Forget about the correspondence theory of truth

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1 Forget about the correspondence theory of truth David Lewis The topic of truth is standardly presented as a contest between several rival theories of truth: the correspondence theory, the redundancy theory, the coherence theory, and perhaps also the pragmatic and epistemic theories. The correspondence theory is supposed to be the leading contender, the one to beat. It says that truth is correspondence to fact. Four-fifths of this picture is right. The redundancy theory, the coherence theory, and the pragmatic and epistemic theories really are rival theories of truth. They are incompatible. For instance, since the redundancy theory says (1) It s true that cats purr iff cats purr, and the pragmatic theory says It s true that cats purr iff it s useful to believe that cats purr, and since these two biconditionals are meant to be a priori, and since It s useful to believe that cats purr iff cats purr is manifestly not a priori, the redundancy theory and the pragmatic theory conflict. Likewise, mutatis mutandis, for the redundancy theory versus the coherence and epistemic theories; and for the coherence, pragmatic, and epistemic theories versus one another. The alleged conflict between the correspondence theory and the redundancy theory is different. The conflict is not with the positive part of the redundancy theory, the bundle of redundancy biconditionals such as (1). Taking (1) together with It s true that cats purr iff the proposition that cats purr corresponds to fact we get something that does not manifestly fail to be a priori: The proposition that cats purr corresponds to fact iff cats purr. It is safe to assume, and I shall assume henceforth, that the redundancy biconditionals are joined in alliance with the correspondence theory. So far, so good. But there is also a negative part to the redundancy theory: the claim that the redundancy biconditionals are all the theory of truth we need. The correspondence theory allegedly disagrees, insisting that more must be said. The idea that the correspondence theory is another one of the rival theories of truth is mistaken. For that to be true, it would be necessary, first, Analysis 61.4, October 2001, pp David Lewis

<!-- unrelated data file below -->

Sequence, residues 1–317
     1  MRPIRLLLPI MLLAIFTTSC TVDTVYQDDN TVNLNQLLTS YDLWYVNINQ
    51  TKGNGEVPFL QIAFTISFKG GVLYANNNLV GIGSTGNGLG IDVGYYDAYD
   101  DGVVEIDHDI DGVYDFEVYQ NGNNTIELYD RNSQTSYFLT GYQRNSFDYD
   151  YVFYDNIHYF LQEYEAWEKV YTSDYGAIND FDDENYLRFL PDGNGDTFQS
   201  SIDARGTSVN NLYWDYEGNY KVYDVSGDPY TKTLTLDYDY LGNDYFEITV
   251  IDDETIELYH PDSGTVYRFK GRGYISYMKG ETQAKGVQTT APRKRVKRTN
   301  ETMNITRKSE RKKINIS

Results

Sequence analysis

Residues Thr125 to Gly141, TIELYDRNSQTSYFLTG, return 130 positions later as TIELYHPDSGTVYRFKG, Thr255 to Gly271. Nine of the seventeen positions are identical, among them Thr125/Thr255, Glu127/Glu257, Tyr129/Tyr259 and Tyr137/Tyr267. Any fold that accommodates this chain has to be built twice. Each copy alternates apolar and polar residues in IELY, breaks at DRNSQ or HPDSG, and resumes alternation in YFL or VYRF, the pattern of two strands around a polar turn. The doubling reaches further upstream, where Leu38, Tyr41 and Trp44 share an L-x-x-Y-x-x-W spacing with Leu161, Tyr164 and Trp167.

2 276 david lewis that the correspondence theory really does go beyond the redundancy theory; second, that it really does conflict with the coherence and pragmatic and epistemic theories; third, that it is a theory aptly summarized by the slogan truth is correspondence to fact ; and fourth, that it really is a theory of truth, not a bundle of claims having nothing especially to do with truth. I shall consider two principal versions of the correspondence theory. I shall complain that one of them fails to satisfy the first and second conditions, whereas the other fails to satisfy the third and fourth. I think that other versions will resemble one or the other of these two well enough that my complaints will carry over. I take our topic to be, in the first instance, the truth of propositions. Sentences, or sentences in context, or particular assertions of sentences, or thoughts, can derivatively be called true; but only when they succeed in expressing determinate (or near enough determinate) propositions. A sentence (or ) might fail to express a proposition because it is ambiguous; or because it is vague; or because it is paradoxical or ungrounded; or because it is not declarative; or because it is a mere expression of feeling in the syntactic guise of a declarative sentence. 1 Such a sentence (or ) is not a candidate for the status of truth simpliciter. But it might be a candidate for a related status such as truth on some or all of its disambiguations, or truth on some or all or most or few of its precisifications, or truth on some or all of a class of arbitrary and ungrounded assignments of truth values, or make-believe truth. Someone might say correspondence theory of truth and just mean the claim that true sentences (or ) correspond to true propositions. Well and good; but set it aside because it conflicts with none of the alleged rivals to the correspondence theory, and because it does not address the prior question of the nature of propositional truth. Someone might say correspondence theory of truth and just mean the claim that truth, at least contingent truth, is an extrinsic rather than an intrinsic property. Set this aside because it again conflicts with none of the alleged rivals, and because it does not even mention the relation of correspondence or the facts that are supposed to be the relata. We go on to a version that deserves more serious consideration. More often than not, saying it s true that cats purr is synonymous with calling it a truth that cats purr, and that in turn is synonymous with calling 1 When people in philosophy books go to the footy, they express their feelings by saying Boo! or Hooray! Real people use a wider range of expressive locutions. Some of these have at least the superficial form of declarative sentences: Leeds boot boys rule or Collingwood sucks. A (pompous) bystander might indeed respond to such a sentence by saying That s true or That s false, but calling it so doesn t make it so. Unless the sentence did after all express a true or false proposition, the bystander s response would be just a piece of make-believe.